63.7(c)(2)(i) and (d)Approval of Site-Specific Test Plans.
63.7(e)(2)(i)Approval of Minor Alternatives to Test Methods.
63.7(e)(2)(ii) and (f)Approval of Intermediate Alternatives to Test Methods.
63.7(e)(2)(iii)Approval of Shorter Sampling Times and Volumes When Necessitated by Process Variables or Other Factors.
63.7(e)(2)(iv) and (h)(2), (3)Waiver of Performance Testing.
63.8(c)(1) and (e)(1)Approval of Site-Specific Performance Evaluation (monitoring) Test Plans.
63.8(f)Approval of Minor Alternatives to Monitoring.
63.8(f)Approval of Intermediate Alternatives to Monitoring.
63.9 and 63.10 [except 63.10(f)]Approval of Adjustments to Time Periods for Submitting Reports.

In delegating 40 CFR 63.9 and 63.10, “Approval of Adjustments to Time Periods for Submitting Reports,” these agencies now have the authority to approve adjustments to the timing that reports are due, but do not have the authority to alter the contents of the reports. For Title V sources, semiannual and annual reports are required by part 70 and nothing herein will change that requirement.

What General Provisions Authorities Are Automatically Granted as Part of These Agencies' Part 70 Operating Permits Program Approval?

Certain General Provisions authorities are automatically granted to Ecology and the four local agencies as part of their part 70 operating permits program approval (regardless of whether the operating permits program approval is interim or final). These are 40 CFR 63.6(i)(1), “Extension of Compliance with Emission Standards,” and 63.5(e) and (f), “Approval and Disapproval of Construction and Reconstruction.”[1] Additionally, for 40 CFR 63.6(i)(1), Ecology and the four local agencies do not need to have been delegated a particular standard or have issued a part 70 operating permit for a particular source to grant that source a compliance extension. However, Ecology or the local agency must have authority to implement and enforce the particular standard against the source in order to grant that source a compliance extension.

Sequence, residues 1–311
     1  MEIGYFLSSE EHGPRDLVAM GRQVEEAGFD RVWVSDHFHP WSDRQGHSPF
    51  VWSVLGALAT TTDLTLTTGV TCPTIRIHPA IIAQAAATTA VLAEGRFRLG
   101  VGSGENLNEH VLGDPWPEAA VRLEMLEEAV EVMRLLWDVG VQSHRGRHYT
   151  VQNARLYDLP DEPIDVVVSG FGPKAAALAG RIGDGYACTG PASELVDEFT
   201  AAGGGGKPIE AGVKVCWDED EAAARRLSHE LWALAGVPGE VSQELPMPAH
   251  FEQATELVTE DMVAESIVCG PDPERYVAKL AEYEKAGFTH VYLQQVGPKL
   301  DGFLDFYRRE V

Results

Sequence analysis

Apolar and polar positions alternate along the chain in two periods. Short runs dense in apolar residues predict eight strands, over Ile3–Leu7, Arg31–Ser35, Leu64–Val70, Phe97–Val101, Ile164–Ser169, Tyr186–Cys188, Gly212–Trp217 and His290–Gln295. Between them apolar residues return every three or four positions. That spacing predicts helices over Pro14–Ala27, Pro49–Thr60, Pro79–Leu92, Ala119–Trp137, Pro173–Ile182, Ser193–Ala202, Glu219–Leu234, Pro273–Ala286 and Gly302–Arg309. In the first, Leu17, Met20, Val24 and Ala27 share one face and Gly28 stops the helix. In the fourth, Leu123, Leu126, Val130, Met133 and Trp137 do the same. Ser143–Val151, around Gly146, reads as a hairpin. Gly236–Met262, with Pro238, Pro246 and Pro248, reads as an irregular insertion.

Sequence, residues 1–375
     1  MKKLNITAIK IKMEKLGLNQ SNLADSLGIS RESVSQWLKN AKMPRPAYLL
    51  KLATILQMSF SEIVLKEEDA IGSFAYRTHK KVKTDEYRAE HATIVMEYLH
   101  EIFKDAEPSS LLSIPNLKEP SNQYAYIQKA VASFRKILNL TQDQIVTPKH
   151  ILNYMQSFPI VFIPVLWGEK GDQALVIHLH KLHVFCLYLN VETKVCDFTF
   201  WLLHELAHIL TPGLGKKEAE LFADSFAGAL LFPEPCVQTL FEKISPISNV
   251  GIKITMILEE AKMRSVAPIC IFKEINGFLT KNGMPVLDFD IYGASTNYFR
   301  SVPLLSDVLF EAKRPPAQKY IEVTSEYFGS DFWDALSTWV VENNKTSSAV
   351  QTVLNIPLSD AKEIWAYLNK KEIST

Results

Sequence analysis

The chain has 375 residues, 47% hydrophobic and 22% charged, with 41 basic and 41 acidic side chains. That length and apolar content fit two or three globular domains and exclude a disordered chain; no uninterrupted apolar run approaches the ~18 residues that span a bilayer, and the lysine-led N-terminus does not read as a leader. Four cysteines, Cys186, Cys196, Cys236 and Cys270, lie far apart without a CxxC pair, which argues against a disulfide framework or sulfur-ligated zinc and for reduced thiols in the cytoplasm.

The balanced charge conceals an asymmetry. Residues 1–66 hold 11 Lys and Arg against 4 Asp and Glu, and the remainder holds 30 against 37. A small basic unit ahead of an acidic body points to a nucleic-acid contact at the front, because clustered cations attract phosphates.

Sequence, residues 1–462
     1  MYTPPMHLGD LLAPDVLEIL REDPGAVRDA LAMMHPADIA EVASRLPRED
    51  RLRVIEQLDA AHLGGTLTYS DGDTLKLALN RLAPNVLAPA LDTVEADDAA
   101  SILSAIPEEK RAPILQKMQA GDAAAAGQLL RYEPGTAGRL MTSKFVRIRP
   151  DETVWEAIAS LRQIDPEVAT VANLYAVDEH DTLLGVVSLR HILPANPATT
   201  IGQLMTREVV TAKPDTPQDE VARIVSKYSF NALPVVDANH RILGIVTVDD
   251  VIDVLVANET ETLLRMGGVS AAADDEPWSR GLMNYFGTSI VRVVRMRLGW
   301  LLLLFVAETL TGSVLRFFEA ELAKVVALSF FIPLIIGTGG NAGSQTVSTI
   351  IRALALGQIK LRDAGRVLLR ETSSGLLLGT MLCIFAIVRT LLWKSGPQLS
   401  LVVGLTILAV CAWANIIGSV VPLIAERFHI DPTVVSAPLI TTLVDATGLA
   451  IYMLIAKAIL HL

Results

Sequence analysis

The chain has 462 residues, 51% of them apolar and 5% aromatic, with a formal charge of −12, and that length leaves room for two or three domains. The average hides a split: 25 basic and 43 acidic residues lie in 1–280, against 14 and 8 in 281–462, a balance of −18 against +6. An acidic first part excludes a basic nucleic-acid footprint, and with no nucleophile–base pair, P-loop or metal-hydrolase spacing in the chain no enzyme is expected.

What General Provisions Authorities Are Not Delegated?

In general, EPA does not delegate any authorities that require implementation through rulemaking in the Federal Register, or where Federal overview is the only way to ensure national consistency in the application of the standards or requirements of CAA section 112. The types of authorities that EPA retains are: equivalency determinations, approval of alternative test methods, decisions where federal oversight is needed to ensure national consistency, and any decision that requires rulemaking to implement. The authorities listed in the table below (also mentioned in the footnotes of the parts 61 and 63 delegation tables at the end of this rule) are the specific General Provisions authorities that cannot be delegated to any state or local agency, which EPA therefore retains.[2]

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Table 2.—Parts 61 and 63, Subpart A, General Provisions Authorities Which EPA Cannot Delegate to State and Local Agencies

SectionAuthorities
61.04(b)Waiver of Recordkeeping.
61.12(d)(1)Approval of Alternative Means of Emission Limitation.
61.13(h)(1)(ii)Approval of Major Alternatives to Test Methods.
61.14(g)(1)(ii)Approval of Major Alternatives to Monitoring.
61.16Availability of Information.
61.53(c)(4)List of Approved Design, Maintenance, and Housekeeping Practices for Mercury Chlor-alki Plants.
63.6(g)Approval of Alternative Non-Opacity Emission Standards.